The Diocese of South Carolina completed its 220th Convention and reports:Two resolutions, both of which passed at the previous convention, passed again, by more than the required two-thirds margin in both the clergy and lay orders, amending the Diocesan Constitution. The first resolution removed the accession clause to the Canons of the Episcopal Church, and the second, enabled the Convention to meet more frequently than annually, if needed.
The weekend began Friday afternoon with a presentation by the Rt. Rev. Michael Nazir-Ali, former Bishop of Rochester, who now serves South Carolina as Visiting Bishop for Anglican Communion Relationships, on “Triple Jeopardy: The Challenge of Islam, Secularism and Multiculturalism.”
Although the diocese has voted to take out the accession clause from its canons and constitution, the courts have, to date, found that the clause of the National Canons still holds force over the dioceses due to the hierarchical and corporate nature of The Episcopal Church.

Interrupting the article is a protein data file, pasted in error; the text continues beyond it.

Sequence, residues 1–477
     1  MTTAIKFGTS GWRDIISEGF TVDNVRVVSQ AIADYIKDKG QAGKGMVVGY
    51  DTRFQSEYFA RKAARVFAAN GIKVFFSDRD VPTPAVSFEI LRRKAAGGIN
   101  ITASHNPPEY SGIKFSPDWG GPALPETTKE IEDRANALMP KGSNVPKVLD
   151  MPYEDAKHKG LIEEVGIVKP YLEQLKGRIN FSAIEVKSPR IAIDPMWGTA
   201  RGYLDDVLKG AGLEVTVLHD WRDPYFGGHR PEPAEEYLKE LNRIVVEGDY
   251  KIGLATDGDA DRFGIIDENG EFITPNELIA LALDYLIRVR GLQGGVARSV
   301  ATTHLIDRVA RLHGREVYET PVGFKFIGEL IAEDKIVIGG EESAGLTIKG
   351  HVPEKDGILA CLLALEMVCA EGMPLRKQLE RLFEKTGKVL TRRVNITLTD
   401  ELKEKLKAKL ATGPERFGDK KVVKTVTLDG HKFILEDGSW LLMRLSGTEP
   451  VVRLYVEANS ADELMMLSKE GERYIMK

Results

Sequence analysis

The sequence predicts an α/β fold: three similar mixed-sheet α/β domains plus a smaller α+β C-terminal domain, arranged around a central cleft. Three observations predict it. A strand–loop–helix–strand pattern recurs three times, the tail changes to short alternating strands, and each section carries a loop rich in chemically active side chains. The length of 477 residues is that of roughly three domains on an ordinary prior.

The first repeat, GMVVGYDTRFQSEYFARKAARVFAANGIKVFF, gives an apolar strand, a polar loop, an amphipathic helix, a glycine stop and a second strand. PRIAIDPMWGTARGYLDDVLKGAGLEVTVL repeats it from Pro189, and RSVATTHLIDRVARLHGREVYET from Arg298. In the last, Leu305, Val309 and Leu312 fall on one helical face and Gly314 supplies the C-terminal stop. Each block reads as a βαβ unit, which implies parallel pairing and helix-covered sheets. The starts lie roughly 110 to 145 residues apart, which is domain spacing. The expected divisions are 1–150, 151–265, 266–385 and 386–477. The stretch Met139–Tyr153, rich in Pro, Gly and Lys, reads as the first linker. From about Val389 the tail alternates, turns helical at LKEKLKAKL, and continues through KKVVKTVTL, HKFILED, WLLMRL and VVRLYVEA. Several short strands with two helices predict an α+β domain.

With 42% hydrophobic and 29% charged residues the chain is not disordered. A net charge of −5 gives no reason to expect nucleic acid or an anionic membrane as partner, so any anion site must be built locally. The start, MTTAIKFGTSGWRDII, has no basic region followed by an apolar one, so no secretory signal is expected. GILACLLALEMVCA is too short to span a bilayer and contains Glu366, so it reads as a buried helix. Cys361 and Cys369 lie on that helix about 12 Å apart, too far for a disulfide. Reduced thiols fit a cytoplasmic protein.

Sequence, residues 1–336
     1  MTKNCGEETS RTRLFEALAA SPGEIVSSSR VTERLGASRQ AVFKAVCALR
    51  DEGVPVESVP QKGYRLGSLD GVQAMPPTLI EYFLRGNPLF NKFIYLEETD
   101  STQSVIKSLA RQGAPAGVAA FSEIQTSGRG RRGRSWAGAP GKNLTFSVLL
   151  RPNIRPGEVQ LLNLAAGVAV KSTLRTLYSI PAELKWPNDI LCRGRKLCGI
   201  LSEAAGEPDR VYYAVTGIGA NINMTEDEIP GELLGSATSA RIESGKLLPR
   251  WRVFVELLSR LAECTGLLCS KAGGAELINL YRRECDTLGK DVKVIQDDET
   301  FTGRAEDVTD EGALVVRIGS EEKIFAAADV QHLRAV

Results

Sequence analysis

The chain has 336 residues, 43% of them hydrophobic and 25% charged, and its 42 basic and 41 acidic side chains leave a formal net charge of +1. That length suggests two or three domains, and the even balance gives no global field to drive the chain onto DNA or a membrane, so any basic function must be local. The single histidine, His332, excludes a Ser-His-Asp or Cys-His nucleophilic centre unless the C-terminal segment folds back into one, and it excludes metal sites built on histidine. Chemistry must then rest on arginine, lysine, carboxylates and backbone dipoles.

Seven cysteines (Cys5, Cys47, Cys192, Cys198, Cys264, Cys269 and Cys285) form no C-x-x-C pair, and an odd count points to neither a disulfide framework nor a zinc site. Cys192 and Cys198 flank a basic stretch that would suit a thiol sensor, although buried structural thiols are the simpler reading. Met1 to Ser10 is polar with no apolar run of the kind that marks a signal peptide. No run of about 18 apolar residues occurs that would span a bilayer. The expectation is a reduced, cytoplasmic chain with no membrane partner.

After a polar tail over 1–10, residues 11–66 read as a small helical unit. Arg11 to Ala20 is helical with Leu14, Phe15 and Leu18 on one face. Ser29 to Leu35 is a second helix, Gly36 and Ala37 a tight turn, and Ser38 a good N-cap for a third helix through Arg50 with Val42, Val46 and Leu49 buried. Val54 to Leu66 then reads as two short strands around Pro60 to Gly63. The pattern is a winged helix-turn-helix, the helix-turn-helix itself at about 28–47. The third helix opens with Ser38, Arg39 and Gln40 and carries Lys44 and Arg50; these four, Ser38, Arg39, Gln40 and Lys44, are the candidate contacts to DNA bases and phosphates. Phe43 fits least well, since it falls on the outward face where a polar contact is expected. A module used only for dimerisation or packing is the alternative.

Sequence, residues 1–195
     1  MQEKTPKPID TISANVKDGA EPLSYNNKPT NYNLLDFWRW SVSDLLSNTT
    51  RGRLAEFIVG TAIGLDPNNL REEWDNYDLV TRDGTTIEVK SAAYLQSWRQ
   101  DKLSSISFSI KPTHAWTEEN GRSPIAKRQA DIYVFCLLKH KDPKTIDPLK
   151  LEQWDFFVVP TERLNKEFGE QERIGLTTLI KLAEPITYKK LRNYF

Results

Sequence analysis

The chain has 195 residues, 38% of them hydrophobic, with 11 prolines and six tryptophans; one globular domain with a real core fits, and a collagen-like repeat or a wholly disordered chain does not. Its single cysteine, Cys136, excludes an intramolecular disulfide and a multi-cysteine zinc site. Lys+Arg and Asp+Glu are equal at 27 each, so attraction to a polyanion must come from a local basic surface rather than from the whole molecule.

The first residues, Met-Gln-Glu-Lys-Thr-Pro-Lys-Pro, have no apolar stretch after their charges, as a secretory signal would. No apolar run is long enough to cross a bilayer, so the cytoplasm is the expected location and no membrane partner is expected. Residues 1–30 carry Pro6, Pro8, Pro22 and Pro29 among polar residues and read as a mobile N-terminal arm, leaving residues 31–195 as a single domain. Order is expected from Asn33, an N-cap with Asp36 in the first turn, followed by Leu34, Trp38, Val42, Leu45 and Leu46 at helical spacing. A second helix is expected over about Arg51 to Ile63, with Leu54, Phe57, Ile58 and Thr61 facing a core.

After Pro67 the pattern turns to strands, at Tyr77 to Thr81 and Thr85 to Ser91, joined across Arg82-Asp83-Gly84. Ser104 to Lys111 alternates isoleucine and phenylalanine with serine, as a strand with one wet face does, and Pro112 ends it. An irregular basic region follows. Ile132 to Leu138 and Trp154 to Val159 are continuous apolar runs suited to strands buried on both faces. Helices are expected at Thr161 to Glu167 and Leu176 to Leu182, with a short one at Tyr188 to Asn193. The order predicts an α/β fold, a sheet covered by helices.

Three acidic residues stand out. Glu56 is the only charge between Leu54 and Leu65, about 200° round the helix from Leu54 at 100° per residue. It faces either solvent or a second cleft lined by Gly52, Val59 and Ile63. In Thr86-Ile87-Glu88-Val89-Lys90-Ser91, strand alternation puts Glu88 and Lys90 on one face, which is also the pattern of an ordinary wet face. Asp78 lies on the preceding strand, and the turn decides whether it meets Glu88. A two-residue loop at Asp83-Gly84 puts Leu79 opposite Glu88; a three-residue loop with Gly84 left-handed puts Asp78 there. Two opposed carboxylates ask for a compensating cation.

The Accession clause:
Title I.7.4 of the Canons of the Episcopal Church in the United States of America.
All real and personal property held by or for the benefit of any Parish, Mission, or Congregation is held in trust for this Church [i.e., the Episcopal Church in the United States] and the Diocese thereof in which such Parish, Mission or Congregation is located. The existence of this trust, however, shall in no way limit the power and authority of the Parish, Mission or Congregation otherwise existing over such property so long as the particular Parish, Mission or Congregation remains a part of, and subject to, this Church and its Constitution and Canons.
1. What does the "Dennis Canon" purport to do?
2. Does the blogger quoted above refer to the Dennis Canon without being aware of it?
3. Does the Dennis Canon have any application to dioceses (as opposed to parishes)?
4. Is the Dennis Canon even relevant any longer to a discussion of the Diocese of South Carolina? Why or why not?
5. What is meant by the term "accession clause" in referring to ECUSA's Constitution?
6. Does the blogger above refer in any way, shape or form to what is called an "accession clause"?
7. Does the blogger above show any understanding of what the Diocese of South Carolina accomplished at its recent Convention?
8. [For extra credit:] How many of ECUSA's current dioceses do not have any accession clause in their constitutions? And how many dioceses of ECUSA have been disciplined for not having them, or have not been counted as members of ECUSA because of that fact?
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Now, all ye students of the canons -- have at it!